Friday, October 20, 2006

The Examined Life

Yesterday I had one of those experiences that come only very rarely: I got to meet, and hang out with, one of my intellectual heroes, if that is the right sort of word to use in this context. For a long time I have been an admirer of the work of historian Eamon Duffy, holder of a personal chair as Professor of the History of Christianity at Cambridge University and one of the most distinguished scholars of the late medieval and early renaissance periods in the world. Anyone who has read his magisterial The Stripping of the Altars: Traditional Religion in England, 1400-1580 (Yale, 2nd edition 2005) will know that he is a consummate scholar of history with what appears to be an unmatched mastery of his source material combined with an astute and insightful approach to the interpretation of that material. But if you read more widely in his (very large) oeuvre you will quickly find that, in addition to being a great historian, the man is also a Roman Catholic of the most admirable sort.

I was lucky enough to be invited to participate in Professor Duffy's visit to the Athens campus yesterday--his visit was officially sponsored by the History Department but several of the faculty in that department happen to be solid Catholics and one of them told me about Duffy's visit a few months back. I spent most of the day with him: I had lunch with him, sat in on a seminar presentation of some of the materials from his forthcoming book Marking the Hours: English People and their Prayers 1240-1570 (Yale, December 2006), and attending a public lecture in the evening that was a sampling of the materials from his forthcoming Birkbeck Lectures on the reign of Mary Tudor.

For someone who is both a Catholic and something of an amateur medievalist, the day was one of almost sheer ecstasy. As St. Anselm said so eloquently, I believe that I may understand: faith, for the Catholic, will always inform one's interpretation of the world, and scholarship of any kind, whether it is history, philosophy, sociology, physics, or biochemistry, is merely an interpretation of the facts, the positing of a hypothesis that will stand or fall not merely in terms of its harmony with the observable facts but principally in terms of its own internal harmony, the harmony it has with purely theoretical concerns. Competing hypotheses can claim to explain exactly the same observational data, and the data alone, famously, are insufficient to establish the indisputable truth of one theory to the exclusion of all others. This principle, known among philosophers of science as underdetermination, permeates all of academia, much to the chagrin of certain academics, and it permeates everyday life, too, as most sensible folks already know. Granted, some interpretations of the observable evidence may be more or less reasonable than others, but in general the differences between hypotheses are settled by adopting further hypotheses (for example, the principal difference between the Ptolemaic and Copernican models of the solar system is a theoretical one, not an empirical one: it is the difference between the Aristotelian vs. the Newtonian theory of gravitation, both of which are theories grounded in precisely the same observational evidence).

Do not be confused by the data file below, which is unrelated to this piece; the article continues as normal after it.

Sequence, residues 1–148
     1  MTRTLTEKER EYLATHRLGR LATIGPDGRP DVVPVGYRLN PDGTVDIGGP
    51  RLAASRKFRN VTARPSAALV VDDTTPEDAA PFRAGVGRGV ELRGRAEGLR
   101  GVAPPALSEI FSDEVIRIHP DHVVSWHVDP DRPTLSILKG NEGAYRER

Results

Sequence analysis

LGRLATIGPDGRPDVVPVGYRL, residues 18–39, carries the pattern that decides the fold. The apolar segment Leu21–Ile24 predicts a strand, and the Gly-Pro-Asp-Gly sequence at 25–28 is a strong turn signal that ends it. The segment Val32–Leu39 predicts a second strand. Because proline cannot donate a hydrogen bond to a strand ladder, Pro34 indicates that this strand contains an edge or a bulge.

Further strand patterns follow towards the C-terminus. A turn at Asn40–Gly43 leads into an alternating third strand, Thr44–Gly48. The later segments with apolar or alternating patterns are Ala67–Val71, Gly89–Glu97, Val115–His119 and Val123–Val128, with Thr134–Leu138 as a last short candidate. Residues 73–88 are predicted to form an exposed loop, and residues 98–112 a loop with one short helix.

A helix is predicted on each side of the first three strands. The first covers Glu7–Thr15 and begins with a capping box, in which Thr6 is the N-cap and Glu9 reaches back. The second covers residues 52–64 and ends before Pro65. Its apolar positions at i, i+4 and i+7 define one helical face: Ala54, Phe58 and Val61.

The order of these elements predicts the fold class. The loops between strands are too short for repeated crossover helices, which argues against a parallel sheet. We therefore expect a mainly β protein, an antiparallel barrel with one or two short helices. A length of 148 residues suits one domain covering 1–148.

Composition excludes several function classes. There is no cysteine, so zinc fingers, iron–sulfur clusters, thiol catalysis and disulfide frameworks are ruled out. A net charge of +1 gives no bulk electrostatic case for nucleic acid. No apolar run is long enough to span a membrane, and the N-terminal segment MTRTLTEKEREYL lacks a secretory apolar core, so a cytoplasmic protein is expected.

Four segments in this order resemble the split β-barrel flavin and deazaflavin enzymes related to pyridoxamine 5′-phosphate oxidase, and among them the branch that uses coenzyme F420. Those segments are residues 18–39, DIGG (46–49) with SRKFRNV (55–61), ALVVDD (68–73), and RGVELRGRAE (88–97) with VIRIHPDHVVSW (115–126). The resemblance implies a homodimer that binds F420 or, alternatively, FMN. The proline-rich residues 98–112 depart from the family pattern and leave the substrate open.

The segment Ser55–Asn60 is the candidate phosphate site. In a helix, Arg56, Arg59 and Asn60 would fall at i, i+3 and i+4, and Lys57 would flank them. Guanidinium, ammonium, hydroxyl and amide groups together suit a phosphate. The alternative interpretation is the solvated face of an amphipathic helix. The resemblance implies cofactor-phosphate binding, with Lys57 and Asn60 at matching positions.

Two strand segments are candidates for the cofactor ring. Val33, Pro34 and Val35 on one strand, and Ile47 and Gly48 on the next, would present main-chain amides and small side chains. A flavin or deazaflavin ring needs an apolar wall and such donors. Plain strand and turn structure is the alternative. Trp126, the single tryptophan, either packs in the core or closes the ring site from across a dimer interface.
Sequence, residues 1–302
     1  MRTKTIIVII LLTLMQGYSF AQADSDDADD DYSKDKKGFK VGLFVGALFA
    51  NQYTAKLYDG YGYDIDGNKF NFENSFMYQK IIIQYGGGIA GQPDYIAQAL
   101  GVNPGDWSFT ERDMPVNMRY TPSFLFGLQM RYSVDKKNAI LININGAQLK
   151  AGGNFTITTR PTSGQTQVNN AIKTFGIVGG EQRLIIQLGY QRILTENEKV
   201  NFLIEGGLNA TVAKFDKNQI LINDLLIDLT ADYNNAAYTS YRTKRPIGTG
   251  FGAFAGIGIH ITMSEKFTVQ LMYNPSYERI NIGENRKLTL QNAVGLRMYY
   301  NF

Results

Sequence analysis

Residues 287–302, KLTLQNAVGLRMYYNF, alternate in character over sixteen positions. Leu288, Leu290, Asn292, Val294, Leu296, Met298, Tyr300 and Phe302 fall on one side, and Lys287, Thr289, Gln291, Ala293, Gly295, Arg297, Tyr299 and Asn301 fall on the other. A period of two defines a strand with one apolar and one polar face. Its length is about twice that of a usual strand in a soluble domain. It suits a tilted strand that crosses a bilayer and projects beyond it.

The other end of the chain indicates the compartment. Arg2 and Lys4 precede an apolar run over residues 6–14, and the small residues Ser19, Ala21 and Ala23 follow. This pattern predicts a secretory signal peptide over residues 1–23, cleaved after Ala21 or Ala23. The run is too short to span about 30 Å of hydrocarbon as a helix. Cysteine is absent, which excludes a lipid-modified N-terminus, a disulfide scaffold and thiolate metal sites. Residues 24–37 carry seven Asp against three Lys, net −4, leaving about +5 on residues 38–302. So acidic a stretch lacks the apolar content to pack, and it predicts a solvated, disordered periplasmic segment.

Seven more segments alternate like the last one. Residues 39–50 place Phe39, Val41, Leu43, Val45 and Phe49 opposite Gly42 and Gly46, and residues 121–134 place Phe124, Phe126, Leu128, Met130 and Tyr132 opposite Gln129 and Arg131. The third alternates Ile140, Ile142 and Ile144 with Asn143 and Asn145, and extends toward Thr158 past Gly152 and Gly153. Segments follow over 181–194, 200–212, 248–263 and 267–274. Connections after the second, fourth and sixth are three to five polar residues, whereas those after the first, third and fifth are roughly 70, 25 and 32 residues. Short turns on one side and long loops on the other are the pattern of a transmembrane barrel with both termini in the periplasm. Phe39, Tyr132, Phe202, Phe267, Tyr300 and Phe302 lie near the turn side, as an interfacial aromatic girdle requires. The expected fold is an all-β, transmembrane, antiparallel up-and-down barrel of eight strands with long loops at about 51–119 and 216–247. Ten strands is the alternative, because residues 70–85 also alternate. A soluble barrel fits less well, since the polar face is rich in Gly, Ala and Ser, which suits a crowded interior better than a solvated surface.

What is most striking to me about Duffy's work is what some might call its revisionist character. In The Stripping of the Altars, for example, he argued that popular piety in England at the time of the Reformation was deeply and committedly Catholic in orientation and that the Protestantization of the country was something forced on the population from above, as it were, by the ruling classes and the gentry, who were more interested in politics than religion. This kind of interpretation is part of a larger movement that has existed for at least the past 15 or 20 years that seeks to understand more fully the history of this period in English history by means of a more careful examination of the evidence for everyday sorts of lives rather than the traditional recounting of the greatest deeds of the greatest figures. Duffy's forthcoming book on prayer, for example, had for its starting point a hand-written note in a medieval book of hours in the Kalendar for 27 November: "On this day my mother passed from this life to God's glory". Professor Duffy remarked that he was looking at this medieval book as part of a research project (it was kept in a museum), but that he saw it not long after his own mother had died, and it sparked in him a tremendous interest in the commonality of human experience across times and cultures. It sent him to libraries and museums in search of further marginalia documenting the day-to-day prayer lives of medieval English people of all strata of society, and it confirmed for him the deeply pious--and Catholic--nature of late medieval English society. One can only anticipate the publication of this book with great excitement.

Suffice it to say that I continue to be amazed at how much one can learn, even in a single day, if one pays close attention to those around you who have much to offer by way of expertise, knowledge, and experience. If you find yourself intrigued by Duffy's work but are not all that sure you want to jump into a 750 page, rather technical historical treatise, he has written a few popular works on religion that I can also recommend very highly:
Faith of Our Fathers: Reflections on Catholic Traditions (Continuum, 2006).

Walking to Emmaus. (Burns and Oats, 2006).
These books contain short essays and even a few "sermons" (delivered at Vespers services at Duffy's college) on religious topics that are not only informative but also inspiring. Start with these, but by all means do not be afraid to delve into the more technical works as well. You will not be sorry you did.

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